October 20

Noble Prince: a sense of service

The report about Prince William’s determination to follow his brother and serve in Afghanistan tells us that the sense of service which has so long been the badge of our Royal Family continues in the younger generation.

How reassuring it is that the future King of Australia is so determined to serve and prepared to offer the supreme sacrifice.


In a column at the time Prince Harry indicated a wish to be with his men in combat zones first in Iraq, and then in Afghanistan I wrote that it is ironical that it is in the United States of America, rather than in, say,  Commonwealth realms such as Australia, that there is an acknowledgement of the fact that there is something very special about the Prince.

The same can be said of Prince William, our future King.

I wondered whether it was because we are used to and are rather blasé about a Royal Family which puts duty first.   

Or perhaps the long campaign by many in the media against the Royal Family has had some effect.   

Or is it that Americans still feel an inner need for monarchy, and appreciate ours?


…Americans impressed…

I cited one example of an American sense of fair play and of an ability to recognise quality, that  by the Washington Post correspondent, Marie Cocco. 

Her piece in ContraCostaTimes on 1 March 2007 was published under this telling headline: “U.S. upper class more stuck up than Britain's royalty.”

She wrote that a royal tale, even “more uplifting” than Dame Helen Mirren’s superb portrayal of The Queen in the film of the same name, had begun to unfold in London “just as the red carpets were being rolled out in preparation for the Academy Awards in Los Angeles.  This was that Prince Harry is marching off to war in Iraq”.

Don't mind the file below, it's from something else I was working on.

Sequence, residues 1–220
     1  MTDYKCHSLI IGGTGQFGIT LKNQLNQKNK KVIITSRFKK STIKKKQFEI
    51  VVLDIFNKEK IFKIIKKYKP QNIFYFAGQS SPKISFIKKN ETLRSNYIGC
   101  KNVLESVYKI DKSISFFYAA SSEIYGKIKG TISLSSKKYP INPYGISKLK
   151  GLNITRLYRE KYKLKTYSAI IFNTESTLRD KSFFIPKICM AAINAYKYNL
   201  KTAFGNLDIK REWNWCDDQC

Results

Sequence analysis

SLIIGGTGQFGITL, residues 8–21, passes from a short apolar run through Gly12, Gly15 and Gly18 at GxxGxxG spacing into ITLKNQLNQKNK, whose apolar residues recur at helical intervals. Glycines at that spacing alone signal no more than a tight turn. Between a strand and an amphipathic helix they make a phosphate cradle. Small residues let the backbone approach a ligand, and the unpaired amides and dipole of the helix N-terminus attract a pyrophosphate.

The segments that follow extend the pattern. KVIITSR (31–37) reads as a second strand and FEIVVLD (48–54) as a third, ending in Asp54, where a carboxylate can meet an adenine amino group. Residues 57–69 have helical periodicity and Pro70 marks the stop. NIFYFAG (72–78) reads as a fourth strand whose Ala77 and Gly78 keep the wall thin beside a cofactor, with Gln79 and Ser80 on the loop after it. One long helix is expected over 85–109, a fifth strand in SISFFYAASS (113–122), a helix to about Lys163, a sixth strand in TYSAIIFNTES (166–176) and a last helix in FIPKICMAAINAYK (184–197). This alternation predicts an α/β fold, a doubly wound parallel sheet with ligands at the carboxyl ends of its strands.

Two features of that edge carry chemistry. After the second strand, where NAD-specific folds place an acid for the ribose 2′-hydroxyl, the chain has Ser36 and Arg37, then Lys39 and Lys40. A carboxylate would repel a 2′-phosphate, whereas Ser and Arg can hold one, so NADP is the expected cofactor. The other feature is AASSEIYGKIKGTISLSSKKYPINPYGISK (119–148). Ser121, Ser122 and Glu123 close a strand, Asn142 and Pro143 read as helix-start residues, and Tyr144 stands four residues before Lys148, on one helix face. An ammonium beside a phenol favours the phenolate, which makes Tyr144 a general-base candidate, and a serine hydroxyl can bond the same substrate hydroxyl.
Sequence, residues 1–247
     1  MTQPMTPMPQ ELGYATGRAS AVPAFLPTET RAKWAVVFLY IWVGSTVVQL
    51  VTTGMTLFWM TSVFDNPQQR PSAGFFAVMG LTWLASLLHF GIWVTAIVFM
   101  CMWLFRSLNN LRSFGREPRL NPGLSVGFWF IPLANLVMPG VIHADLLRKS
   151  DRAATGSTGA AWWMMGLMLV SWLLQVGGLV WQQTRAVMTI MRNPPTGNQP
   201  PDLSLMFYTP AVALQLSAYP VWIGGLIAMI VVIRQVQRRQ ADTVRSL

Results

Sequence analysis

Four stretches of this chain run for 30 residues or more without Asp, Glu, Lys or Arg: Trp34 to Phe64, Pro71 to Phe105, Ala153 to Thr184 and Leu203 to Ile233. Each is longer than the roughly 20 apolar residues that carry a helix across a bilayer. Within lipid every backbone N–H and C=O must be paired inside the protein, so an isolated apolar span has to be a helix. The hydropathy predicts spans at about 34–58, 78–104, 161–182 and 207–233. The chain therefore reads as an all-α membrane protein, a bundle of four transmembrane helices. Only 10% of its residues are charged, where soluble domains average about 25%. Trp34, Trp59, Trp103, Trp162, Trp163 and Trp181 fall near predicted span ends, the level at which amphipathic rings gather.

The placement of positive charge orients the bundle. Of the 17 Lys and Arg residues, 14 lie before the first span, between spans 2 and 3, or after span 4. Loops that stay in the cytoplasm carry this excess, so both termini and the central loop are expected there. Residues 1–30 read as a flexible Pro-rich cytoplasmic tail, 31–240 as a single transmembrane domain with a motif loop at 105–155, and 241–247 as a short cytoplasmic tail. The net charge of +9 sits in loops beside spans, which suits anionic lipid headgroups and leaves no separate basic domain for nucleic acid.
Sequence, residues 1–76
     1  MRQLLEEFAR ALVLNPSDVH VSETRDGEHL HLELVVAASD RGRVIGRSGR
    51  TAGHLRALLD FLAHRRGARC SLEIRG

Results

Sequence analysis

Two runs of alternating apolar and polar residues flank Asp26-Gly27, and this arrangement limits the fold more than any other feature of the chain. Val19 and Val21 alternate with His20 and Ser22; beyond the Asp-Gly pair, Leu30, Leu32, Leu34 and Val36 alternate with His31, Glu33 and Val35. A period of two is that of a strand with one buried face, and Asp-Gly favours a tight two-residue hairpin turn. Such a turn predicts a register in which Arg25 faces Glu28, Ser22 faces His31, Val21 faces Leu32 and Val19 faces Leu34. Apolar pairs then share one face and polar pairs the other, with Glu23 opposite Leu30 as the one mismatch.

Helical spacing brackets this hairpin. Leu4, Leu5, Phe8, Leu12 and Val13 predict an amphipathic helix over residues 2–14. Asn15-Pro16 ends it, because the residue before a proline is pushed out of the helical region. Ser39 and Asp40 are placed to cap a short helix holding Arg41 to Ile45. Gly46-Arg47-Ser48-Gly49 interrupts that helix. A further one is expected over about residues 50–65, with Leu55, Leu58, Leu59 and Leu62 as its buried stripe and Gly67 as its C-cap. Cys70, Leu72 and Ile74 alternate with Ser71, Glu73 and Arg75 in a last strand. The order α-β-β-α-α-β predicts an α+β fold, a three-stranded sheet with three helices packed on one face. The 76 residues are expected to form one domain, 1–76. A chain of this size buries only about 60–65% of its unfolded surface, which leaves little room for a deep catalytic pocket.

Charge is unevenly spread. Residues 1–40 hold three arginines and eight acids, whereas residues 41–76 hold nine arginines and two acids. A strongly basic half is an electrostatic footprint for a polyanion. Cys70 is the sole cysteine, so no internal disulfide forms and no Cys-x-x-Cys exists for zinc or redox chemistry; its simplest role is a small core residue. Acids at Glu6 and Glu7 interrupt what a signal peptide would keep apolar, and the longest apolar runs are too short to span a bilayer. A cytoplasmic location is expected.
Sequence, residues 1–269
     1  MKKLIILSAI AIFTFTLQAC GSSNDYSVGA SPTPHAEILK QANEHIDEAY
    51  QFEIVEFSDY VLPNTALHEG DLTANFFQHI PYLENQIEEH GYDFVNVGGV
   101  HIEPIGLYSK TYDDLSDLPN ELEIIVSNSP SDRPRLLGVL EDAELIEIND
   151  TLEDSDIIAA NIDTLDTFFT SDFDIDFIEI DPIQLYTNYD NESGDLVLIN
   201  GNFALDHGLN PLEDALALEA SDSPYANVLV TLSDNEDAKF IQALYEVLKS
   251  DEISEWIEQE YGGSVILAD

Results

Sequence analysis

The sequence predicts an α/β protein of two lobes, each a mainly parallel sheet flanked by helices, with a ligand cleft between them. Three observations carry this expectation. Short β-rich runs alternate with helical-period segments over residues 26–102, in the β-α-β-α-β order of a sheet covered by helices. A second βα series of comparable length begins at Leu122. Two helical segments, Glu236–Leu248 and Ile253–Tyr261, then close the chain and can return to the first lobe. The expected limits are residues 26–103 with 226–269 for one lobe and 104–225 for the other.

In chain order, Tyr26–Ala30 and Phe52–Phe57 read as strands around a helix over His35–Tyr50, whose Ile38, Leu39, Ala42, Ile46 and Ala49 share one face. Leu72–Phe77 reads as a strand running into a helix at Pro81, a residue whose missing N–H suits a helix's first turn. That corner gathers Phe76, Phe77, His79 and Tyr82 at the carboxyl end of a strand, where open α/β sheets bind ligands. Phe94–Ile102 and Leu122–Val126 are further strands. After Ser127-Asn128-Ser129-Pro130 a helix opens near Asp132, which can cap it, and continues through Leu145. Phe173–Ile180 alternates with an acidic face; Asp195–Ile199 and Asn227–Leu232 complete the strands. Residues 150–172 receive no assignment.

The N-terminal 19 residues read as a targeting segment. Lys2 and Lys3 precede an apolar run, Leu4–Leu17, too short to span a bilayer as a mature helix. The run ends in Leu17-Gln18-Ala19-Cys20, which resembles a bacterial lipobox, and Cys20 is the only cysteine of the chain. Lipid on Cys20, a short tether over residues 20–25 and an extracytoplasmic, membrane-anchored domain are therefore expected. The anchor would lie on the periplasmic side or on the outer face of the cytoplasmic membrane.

“Having graduated from the Royal Military Academy Sandhurst, the equivalent of West Point, the son of Diana and Prince Charles is fulfilling, at his own insistence, a duty to serve on the battlefront with the troops he was trained to command.”

…noblesse oblige….

" ‘There's no way I'm going to put myself through Sandhurst and then sit on my a*** back home while my boys are out fighting for their country,’ the young prince said in a 2005 interview that has been circulated widely.”

Ms.Cocco writes that it takes no nostalgia for the Crown to hear the honour in Prince Harry's vow — and to wince at the contrast with the US much larger force in Iraq, from which, she declares, the sons and daughters of the American well-heeled and the well-known are largely absent. 

“Like the United States, Britain has a volunteer military.  Unlike the United States, Britain has some vestige of an elite that believes in the notion of noblesse oblige.” 

Ms. Cocco was especially impressed by the fact that “England sends its prince into battle.” 

…the Royal Family…

[Continued below]

This sense of duty in the Royal Family is no new thing.  Older generations remember it in the Second World War, when The King and The Queen, as well as the Royal Family, stayed with the people. 

The Princes’ grandfather and his father saw distinguished service.  More recently, in the Falklands war, Prince Harry’s uncle, Prince Andrew, also rode, or perhaps more correctly, flew into battle.

The Argentinean media, once they were freed as a result of the United Kingdom’s refusal to accept the invasion of the Falklands, lamented that while conscripts were sent into battle, the officer class tended to stay in Buenos Aires. Ms.Cocco also contrasts the way US veterans are treated with that offered by the UK authorities to theirs.  While they send their princes to war,“…we are making paupers of our military families.”  

“By what turn of history”, she demands, “did a nation founded in rebellion against absolute power wielded by a coddled elite become less concerned with equal treatment and shared sacrifice than the monarchy it overthrew? 

“…only a slice of American society today bears the republic’s military burden. Because of this, our ruling class is proving itself to be more aloof than royalty”.     


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